He added a coordinating hand-knitted scarf to the rack, then sat on the bench to remove his galoshes. Yes, actual old-fashioned galoshes, covering brown leather wingtips that looked far from new but were polished to a sheen. 'I'll keep my coat on for now, if you don't mind.' He smiled apologetically.
Emily led Oscar to the library and took one of the wing chairs before the fire, waving him to the other one. 'Did you have a good trip?'
He sat on the edge of his chair, chafing his hands in the warmth from the flames. 'Not too bad. Except the heater in my car doesn't work very well.' He glanced toward the semicircular bay window that looked out on the ocean. 'I'm glad I got here when I did. I don't like the look of that sky.'
The sky was a leaden gray, the clouds merging with the frothing sea at the horizon and hanging ominously low over the lawn. 'Me neither. They say it might actually snow.' Winter storms were a near-weekly occurrence on the Oregon coast, but snow here at the beach was rare. However, the temperature had been dropping steadily all day and would surely be well below freezing tonight.
Kitty, the female half of Emily's matched pair of gray cats, rose from her nap on the hearthrug to sniff at Oscar's outstretched hands. 'Well, hello, there,' he said with a smile. He waited a moment for Kitty to get his scent, then moved his hand to scratch her head. 'Aren't you a beauty?'
She arched and purred under his hand, basking in the praise that was only her due. Her identical brother Levin came up to Oscar's left hand looking for a piece of the action. However, Bustopher Jones – the aging, portly tuxedo cat Emily had inherited from her aunt along with the house – merely raised his head, blinked once in dismissal, and went back to sleep.
Emily introduced the cats to Oscar. Bustopher Jones' name elicited an appreciative chuckle. At last, someone who got the reference to T.S. Eliot's Old Possum's Book of Practical Cats. 'I guess Bustopher doesn't like strangers,' he said.
'Only if they feed him. Actually, it's more that he's lazy. He must be at least eighteen years old. He doesn't do much these days except eat and sleep.'
Oscar sat back in his chair, and Kitty leapt into his lap. Levin sulked for a nanosecond, then took possession of Emily's lap.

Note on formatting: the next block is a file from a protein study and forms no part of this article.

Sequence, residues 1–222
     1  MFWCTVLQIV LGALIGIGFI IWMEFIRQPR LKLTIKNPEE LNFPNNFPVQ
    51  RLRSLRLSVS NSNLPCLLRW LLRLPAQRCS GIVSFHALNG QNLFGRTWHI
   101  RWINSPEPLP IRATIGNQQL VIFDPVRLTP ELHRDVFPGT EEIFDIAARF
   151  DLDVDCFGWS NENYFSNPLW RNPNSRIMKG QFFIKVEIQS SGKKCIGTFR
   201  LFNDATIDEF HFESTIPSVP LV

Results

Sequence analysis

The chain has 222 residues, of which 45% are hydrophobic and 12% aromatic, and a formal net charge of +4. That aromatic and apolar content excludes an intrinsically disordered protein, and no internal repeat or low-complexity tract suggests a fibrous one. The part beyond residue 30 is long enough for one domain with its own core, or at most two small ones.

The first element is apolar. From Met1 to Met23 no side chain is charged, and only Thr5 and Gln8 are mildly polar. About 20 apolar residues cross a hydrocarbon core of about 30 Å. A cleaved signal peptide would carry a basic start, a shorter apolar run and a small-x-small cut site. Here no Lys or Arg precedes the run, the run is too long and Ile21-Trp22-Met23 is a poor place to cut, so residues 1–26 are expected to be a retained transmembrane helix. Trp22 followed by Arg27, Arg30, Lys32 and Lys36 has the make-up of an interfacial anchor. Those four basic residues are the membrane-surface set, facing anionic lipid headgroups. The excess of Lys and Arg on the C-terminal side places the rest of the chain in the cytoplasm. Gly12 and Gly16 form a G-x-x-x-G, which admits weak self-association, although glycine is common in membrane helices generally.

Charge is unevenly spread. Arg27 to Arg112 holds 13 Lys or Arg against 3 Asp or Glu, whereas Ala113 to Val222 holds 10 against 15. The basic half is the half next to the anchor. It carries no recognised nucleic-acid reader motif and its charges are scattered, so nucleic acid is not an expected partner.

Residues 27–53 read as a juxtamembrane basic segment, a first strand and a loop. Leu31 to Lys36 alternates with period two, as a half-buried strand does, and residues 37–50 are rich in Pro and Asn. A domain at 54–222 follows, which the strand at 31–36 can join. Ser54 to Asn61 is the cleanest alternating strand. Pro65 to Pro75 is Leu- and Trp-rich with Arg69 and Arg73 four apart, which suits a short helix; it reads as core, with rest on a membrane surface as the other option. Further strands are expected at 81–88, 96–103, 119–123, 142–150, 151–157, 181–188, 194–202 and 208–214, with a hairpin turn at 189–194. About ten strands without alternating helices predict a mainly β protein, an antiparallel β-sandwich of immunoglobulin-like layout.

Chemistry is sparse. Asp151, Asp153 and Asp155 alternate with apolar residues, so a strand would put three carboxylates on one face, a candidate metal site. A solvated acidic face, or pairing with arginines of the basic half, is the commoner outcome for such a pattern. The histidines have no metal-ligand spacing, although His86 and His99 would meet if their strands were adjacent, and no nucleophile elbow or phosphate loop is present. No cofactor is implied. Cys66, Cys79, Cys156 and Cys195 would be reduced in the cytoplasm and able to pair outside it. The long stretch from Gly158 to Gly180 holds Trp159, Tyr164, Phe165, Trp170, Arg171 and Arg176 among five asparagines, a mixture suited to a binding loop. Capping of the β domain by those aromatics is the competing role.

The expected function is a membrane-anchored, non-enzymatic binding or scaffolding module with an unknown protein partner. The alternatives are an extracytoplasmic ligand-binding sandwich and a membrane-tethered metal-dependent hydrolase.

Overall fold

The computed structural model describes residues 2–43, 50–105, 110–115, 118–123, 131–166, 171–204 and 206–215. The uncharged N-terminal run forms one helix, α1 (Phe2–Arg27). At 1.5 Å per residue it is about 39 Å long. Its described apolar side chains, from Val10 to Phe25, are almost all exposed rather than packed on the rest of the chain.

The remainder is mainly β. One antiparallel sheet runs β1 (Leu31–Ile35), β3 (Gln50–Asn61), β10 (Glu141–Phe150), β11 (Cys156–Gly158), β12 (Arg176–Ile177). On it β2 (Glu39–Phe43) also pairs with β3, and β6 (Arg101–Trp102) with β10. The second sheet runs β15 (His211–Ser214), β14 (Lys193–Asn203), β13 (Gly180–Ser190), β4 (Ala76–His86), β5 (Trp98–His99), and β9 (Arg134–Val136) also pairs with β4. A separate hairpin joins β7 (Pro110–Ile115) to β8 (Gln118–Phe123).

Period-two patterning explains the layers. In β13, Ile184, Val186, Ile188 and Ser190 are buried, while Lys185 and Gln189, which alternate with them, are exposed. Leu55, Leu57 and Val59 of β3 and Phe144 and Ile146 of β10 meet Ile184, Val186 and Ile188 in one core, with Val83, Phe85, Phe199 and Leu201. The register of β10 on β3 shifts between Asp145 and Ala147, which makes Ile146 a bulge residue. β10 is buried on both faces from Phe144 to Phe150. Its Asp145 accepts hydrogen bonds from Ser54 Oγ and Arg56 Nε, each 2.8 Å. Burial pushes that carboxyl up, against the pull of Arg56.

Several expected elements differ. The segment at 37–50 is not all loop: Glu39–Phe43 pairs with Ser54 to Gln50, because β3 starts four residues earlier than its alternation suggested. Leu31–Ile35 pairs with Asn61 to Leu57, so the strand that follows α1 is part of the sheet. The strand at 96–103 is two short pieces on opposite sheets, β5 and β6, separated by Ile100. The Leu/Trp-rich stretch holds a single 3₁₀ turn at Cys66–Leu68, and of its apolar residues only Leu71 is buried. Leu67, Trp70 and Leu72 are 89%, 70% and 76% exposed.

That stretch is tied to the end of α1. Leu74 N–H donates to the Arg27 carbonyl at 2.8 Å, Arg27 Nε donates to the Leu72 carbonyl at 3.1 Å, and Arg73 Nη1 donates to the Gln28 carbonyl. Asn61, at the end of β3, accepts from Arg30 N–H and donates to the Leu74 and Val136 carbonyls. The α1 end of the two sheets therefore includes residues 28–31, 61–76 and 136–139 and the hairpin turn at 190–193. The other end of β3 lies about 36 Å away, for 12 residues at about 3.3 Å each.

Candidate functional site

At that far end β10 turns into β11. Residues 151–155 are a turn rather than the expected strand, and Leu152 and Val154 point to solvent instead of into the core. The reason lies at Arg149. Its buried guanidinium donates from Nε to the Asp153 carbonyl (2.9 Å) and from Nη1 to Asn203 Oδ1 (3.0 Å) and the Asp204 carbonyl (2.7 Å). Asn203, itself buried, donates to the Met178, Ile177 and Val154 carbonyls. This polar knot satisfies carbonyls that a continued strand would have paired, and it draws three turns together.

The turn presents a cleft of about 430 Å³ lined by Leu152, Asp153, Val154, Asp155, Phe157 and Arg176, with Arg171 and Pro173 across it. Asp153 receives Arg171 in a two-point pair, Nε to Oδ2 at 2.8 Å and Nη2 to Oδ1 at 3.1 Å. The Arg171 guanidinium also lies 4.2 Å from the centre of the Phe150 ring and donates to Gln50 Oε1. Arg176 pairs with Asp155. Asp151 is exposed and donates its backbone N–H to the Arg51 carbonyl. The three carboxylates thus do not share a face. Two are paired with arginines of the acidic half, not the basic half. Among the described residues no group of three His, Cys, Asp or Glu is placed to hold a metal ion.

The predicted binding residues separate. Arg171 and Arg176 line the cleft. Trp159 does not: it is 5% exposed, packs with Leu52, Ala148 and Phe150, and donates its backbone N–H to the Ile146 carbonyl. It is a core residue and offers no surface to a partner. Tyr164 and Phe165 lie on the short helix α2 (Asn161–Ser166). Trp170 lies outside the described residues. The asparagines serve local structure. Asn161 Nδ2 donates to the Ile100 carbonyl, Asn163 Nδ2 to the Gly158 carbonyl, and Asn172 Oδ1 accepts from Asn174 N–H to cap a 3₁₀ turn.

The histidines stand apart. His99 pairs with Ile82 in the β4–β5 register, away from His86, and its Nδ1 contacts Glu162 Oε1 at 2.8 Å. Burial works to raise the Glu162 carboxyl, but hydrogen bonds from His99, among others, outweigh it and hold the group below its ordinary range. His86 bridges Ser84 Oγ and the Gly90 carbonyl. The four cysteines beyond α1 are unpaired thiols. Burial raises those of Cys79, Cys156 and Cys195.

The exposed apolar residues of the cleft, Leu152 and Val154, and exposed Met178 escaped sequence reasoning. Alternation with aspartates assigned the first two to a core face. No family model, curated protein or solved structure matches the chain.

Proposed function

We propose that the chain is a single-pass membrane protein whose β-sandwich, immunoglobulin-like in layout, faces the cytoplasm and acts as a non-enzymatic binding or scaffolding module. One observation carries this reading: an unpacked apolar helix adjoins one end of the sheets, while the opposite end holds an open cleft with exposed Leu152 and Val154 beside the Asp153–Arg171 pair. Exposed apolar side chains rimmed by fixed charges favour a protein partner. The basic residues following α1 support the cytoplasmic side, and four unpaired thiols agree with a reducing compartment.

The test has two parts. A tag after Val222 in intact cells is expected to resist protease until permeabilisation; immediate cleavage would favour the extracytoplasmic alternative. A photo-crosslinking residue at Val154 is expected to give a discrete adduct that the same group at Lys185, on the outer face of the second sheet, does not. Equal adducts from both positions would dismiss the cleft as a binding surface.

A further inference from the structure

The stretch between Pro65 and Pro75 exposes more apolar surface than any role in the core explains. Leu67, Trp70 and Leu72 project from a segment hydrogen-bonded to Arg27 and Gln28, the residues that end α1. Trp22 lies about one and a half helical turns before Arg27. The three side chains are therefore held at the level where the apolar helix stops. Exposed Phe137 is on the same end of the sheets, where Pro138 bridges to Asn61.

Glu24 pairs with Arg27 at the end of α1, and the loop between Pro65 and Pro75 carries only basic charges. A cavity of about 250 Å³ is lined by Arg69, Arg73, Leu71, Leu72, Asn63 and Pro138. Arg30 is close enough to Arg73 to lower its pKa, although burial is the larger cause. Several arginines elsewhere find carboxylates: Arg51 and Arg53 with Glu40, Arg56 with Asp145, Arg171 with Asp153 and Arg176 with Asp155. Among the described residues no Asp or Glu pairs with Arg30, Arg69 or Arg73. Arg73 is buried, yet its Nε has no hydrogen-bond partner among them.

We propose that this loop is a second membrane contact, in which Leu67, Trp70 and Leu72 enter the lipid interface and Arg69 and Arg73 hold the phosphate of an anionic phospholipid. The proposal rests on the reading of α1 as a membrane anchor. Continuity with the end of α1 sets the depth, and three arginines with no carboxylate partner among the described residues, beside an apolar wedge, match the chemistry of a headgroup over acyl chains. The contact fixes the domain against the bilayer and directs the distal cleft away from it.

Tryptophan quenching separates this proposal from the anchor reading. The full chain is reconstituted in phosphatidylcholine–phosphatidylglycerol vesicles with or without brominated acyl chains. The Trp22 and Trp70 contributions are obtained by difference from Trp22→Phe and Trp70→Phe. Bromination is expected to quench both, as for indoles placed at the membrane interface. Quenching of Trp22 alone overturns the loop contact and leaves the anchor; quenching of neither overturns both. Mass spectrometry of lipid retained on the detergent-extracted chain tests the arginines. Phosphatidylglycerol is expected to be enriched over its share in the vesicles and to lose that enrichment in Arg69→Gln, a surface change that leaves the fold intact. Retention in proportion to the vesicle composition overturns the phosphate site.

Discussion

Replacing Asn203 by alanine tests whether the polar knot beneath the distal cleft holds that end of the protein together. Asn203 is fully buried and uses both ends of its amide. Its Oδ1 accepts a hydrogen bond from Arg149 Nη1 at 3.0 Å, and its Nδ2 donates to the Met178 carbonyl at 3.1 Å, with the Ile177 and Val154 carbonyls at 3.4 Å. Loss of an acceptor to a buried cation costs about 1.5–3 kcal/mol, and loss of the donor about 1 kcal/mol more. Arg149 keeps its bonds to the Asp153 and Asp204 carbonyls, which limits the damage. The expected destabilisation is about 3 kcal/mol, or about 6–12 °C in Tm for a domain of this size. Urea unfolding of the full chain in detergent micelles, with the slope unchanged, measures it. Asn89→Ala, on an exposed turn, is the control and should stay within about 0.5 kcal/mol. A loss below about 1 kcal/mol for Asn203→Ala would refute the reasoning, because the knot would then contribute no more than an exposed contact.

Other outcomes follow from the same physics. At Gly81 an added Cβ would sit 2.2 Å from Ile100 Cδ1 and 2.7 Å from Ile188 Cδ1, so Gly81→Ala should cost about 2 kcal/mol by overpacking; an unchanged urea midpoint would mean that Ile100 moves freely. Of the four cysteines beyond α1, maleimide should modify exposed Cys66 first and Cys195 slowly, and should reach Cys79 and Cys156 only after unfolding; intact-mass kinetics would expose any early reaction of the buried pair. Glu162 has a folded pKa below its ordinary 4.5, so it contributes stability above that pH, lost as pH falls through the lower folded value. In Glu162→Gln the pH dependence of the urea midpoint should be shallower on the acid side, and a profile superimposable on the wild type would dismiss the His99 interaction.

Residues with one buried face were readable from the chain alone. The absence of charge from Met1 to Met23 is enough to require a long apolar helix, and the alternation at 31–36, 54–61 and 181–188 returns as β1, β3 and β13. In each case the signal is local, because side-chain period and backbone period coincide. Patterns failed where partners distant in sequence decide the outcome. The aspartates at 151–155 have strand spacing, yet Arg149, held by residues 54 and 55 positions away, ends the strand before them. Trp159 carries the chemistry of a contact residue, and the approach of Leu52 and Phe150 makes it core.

Time to make some real conversation. 'So Marguerite tells me you're an adjunct lit prof.'
'What classes are you teaching?'
'I have a Hum One Ten section, of course.' Humanities 110 was Reed College's unique class, required of all freshmen, which examined the classical period and the Renaissance from an interdisciplinary perspective. Emily remembered her own Hum 110 teaching time with fondness.
'Then I have the early twentieth-century novel, which of course is my specialty.'
'Oh, yes, Marguerite said you were doing your thesis on Forster. He's one of my favorites. What's your focus?'
'I'm looking at his view of the individual in society, across all the novels.'
Emily nodded. 'Lots to work with there.' That focus was one of the things she loved about Forster – that and his sly humor.
Oscar grimaced. 'Too much, I'm afraid. I'm having a really hard time narrowing it down.'
'Well, if talking it out would do any good, feel free. I know Forster pretty well. And not only from the movies.' Emily shot Oscar a grin, which he returned. The films of A Room with a View, Where Angels Fear to Tread, A Passage to India, and Howards End were excellent and quite faithful, but a film was never a substitute for a novel – only a way of bringing it to multisensory life.
Katie came in carrying a tea tray laden with little cakes, scones, and sandwiches. Oscar's face brightened at the sight like the sun coming through clouds. 'High tea! How marvelous! I have landed on my feet and no mistake.' His smile told Emily the obscure Narnia reference was deliberate. This guest was going to be fun to have around.
'How do you like your tea?' Emily asked as she poured the first cup.
'Milk and one sugar, thanks,' Oscar replied.
'I have some delicious local blackberry honey – much better for you than sugar.' Or so Beanie, proprietor of the local yarn shop, had assured Emily when she gave it to her. Beanie's health kicks turned over faster than her seasonally alternating stock of yarn. 'Would you like to try it?'
Oscar started visibly. 'Oh, no, thank you. I'm allergic to honey.'
'Oh, I'm sorry. I'll be sure to let Katie know.' Emily twizzled the amber liquid from the small jar with its rather garish homemade label and drizzled a little into her cup. She'd been accustomed to taking her tea with no sweetener, but she had to try the honey for Beanie's sake, and it had proved to be quite delicious.
As they sipped and nibbled, their talk ranged over other favorite authors, revealing they not only liked most of the same ones but liked them for the same reasons: Jane Austen for her strict morality, wicked wit, and incisive grasp of human nature; Charlotte Brontë for her indomitable faith and her pioneering treatment of an independent female mind; L.M. Montgomery for her incomparable descriptions of natural beauty and her inveterate cheerfulness; Dickens for his outrageous characters and the arrow-perfect language in which he brought them to life; and Dostoevsky for his wrestling with the deepest spiritual questions of life, death, and afterlife.
'I'm hoping to write about Dostoevsky myself someday,' Emily confessed, surprised at herself for revealing this closely guarded secret to a virtual stranger. But she felt intuitively she could trust this man – he seemed almost like a male reflection of herself.
'I admire you for that. He's so complex, writing about him sounds quite daunting. Have you made a start?'
'Not yet. I thought I might have time this year, being on sabbatical, but so far I've been so focused on getting the retreat center ready, I haven't had a minute to think about it.' Well, that and helping to solve several murders that had taken place right here on her property. But there was no need to mention that to a guest.